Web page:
"Project: Hero" to Honor the Fallen; Assist US Military Veterans
Published on April 1 2013 4:09 pm
Last Updated on July 14 2013 12:07 pm
Written by Greg Sapp
More than 300 Illinois service men and women, including Eastern Illinois University alumnus Lt. Jared Southworth of Oakland, will be honored at Booth Library on April 4 and 5.
Stephen Knotts, EIU veterans services coordinator, said the Illinois Fallen Heroes Traveling Memorial Wall is a near 200-foot wall of headshots of service men and women who were killed during Operation Iraqi Freedom, Operating Enduring Freedom and Operation New Dawn. The wall includes the names, portraits, hometowns, ranks and dates of death of these military heroes.
Don Pannier of Washburn originated the wall to honor his son who was killed in Iraq in 2008.
Members of the public are invited to visit the wall. There is no charge; however, donations will be accepted.
The wall’s display on the EIU campus is part of a two-day event called “Project: Hero” that will include a veterans services fair, an ice cream social and a self defense class. The Illinois Patriot Guard Riders also plan to place a line of flags outside of Booth Library to honor the men and women who sacrificed themselves for this country.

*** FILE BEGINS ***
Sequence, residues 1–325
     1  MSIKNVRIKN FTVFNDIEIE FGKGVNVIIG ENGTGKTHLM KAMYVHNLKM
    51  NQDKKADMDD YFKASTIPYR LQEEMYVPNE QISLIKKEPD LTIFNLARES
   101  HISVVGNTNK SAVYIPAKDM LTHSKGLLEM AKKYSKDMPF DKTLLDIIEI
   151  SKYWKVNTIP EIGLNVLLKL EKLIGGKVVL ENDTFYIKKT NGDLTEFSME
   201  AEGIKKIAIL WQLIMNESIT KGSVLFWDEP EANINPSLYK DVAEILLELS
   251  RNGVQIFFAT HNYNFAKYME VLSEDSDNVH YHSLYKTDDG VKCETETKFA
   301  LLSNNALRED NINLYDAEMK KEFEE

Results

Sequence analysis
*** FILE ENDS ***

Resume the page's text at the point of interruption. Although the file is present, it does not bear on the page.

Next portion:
“The event is honoring veterans and making others aware of the sacrifices that men and women have made to the United States,” Knotts said.
The veterans services fair -- Rucksacks to Backpacks -- will feature more than 30 organizations from on and off campus, including veterans organizations and registered student organizations. These veterans support groups include the Wounded Warrior Project, Veterans of Foreign Wars and the American Legion.
“We wanted to bring them all on campus so campus veterans and community veterans can see what is available to them,” Knotts said.
Many times, he added, veterans are bombarded with so many different veterans groups that it becomes “white noise” to them and they can’t decide with which one to affiliate.
During the fair, Veterans Services will be accepting donations for school supplies. Many times, Knotts said, individuals transitioning from the military to college do not have enough money for school supplies. This summer, every military veteran who starts school at EIU will receive the supplies they’ll need.
Knotts said events like this are important because they help bridge the gap between veterans and civilians.
Less than 1 percent of the United States’ population has ever been in the United States Armed Forces, which means there is a cultural awareness gap between people who are protecting the rights of the U.S. and people of who are protected, Knotts said.